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*Digital Principles and Applications*by Malvino, Leach and Saha.

Under the heading "Decade Counters", the book lists only Mod-5 and Mod-10 counters. It doesn't state why these are decade counters, or what decade counters are. Others like Mod-8, Mod-3, Mod-6 etc. are listed outside that heading.

All the counters are using JK flip-flop in this book. While I know that other flip-flops can be used to make the counters, I request you to stick to JK flip-flops, because I am new to this topic and am already confused.

For reference, here is the diagram of the Mod-5 up counter given in my book (outputs are A, B and C; C is the MSB, while A is the LSB.):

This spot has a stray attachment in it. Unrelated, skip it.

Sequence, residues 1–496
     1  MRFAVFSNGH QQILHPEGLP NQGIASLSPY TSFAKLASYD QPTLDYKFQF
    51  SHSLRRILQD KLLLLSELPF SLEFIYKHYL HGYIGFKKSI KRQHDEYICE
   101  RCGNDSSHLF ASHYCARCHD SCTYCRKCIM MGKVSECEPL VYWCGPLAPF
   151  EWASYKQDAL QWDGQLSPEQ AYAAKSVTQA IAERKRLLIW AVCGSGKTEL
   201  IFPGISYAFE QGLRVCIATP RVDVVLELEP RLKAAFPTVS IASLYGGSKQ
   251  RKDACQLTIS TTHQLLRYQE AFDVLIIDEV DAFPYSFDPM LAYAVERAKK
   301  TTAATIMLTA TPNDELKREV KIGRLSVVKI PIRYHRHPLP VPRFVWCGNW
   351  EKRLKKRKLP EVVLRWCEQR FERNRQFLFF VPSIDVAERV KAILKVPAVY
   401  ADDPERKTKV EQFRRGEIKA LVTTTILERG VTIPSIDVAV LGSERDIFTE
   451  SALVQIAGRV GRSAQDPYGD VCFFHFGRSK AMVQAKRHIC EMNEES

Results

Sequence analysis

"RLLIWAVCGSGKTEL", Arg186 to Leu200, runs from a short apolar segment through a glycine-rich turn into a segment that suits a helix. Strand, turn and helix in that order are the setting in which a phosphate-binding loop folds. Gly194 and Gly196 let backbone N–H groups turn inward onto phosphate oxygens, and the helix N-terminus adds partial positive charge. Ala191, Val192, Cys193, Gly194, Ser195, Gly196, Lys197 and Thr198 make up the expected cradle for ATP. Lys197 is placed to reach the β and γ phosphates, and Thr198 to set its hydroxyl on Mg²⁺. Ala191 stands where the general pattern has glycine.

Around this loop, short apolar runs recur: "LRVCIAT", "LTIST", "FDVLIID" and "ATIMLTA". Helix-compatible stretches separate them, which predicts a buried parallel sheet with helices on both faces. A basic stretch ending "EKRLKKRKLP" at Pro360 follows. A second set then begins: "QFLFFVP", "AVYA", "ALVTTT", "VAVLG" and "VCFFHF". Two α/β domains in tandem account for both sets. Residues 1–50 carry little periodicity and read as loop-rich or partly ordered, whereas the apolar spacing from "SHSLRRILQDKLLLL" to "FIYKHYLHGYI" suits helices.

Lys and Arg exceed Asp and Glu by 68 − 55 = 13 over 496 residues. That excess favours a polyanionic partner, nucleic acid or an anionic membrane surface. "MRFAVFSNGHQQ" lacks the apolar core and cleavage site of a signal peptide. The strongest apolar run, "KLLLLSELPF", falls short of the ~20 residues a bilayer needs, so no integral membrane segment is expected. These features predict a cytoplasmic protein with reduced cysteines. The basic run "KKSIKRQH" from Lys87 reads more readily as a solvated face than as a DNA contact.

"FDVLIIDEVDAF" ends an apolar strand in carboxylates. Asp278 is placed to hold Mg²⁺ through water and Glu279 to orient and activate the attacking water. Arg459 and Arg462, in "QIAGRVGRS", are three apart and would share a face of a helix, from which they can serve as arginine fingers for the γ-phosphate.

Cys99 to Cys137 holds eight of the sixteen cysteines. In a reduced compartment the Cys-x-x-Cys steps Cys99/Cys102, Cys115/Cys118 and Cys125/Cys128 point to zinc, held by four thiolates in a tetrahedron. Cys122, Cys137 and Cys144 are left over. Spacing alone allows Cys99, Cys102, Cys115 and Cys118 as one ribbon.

and here is the Mod-8 up counter (outputs are A, B and C; C is the MSB, while A is the LSB.):

I searched Wikipedia to find out what decade counters are.

This makes things confusing for me. How can something count in decimals? Consider the Mod-5 counter above. It goes from 000 to 100. Isn't that counting in binary rather than decimal?Wikipedia said:A decade counter is one that counts in decimal digits, rather than binary.

Speaking the other way round, the Mod-8 counter goes from decimal 0 to 7. I can easily get the output in decimal if I decode the necessary outputs. So why is it not a decade counter?

https://www.electronics-tutorials.ws/counter/mod-counters.html says,

According to this definition, a Mod-5 counter doesn't qualify as a decade counter because it has five states, from decimal 0 to 4.Decade (divide-by-10) counters such as the TTL 74LS90, have 10 states in its counting sequence making it suitable for human interfacing where a digital display is required.

So, why are Mod-10 and Mod-5 decade counters and Mod-6 and Mod-8 not? Or is the book incorrect? Or am I misinterpreting something?